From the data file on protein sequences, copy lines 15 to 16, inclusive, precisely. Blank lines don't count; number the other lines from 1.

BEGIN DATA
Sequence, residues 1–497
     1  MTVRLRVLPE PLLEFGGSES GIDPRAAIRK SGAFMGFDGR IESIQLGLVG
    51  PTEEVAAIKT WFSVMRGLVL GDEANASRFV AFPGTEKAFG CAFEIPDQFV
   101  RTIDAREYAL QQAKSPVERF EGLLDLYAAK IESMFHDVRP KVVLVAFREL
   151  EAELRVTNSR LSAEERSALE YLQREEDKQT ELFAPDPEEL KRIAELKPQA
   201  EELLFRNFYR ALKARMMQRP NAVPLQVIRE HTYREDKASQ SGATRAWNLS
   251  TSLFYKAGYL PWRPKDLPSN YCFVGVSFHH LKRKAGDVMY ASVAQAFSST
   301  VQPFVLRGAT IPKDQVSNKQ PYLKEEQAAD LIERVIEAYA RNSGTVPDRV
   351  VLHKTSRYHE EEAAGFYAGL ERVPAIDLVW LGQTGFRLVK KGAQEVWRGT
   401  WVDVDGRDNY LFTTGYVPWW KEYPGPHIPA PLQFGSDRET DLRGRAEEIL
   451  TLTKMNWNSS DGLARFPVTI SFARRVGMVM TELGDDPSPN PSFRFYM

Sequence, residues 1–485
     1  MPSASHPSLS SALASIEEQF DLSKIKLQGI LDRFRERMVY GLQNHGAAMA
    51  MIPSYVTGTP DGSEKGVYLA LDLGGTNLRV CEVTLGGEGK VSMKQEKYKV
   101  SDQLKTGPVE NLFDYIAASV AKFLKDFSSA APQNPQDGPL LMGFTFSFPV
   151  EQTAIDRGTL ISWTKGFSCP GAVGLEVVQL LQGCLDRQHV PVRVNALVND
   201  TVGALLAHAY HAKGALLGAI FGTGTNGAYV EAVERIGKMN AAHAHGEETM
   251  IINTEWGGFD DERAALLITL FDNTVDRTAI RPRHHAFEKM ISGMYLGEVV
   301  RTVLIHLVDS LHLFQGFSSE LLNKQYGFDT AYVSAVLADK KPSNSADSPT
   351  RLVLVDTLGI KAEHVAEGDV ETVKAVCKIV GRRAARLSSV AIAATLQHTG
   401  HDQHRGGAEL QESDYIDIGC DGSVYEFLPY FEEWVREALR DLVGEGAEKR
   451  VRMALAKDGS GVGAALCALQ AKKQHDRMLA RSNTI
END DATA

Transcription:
   101  SDQLKTGPVE NLFDYIAASV AKFLKDFSSA APQNPQDGPL LMGFTFSFPV
   151  EQTAIDRGTL ISWTKGFSCP GAVGLEVVQL LQGCLDRQHV PVRVNALVND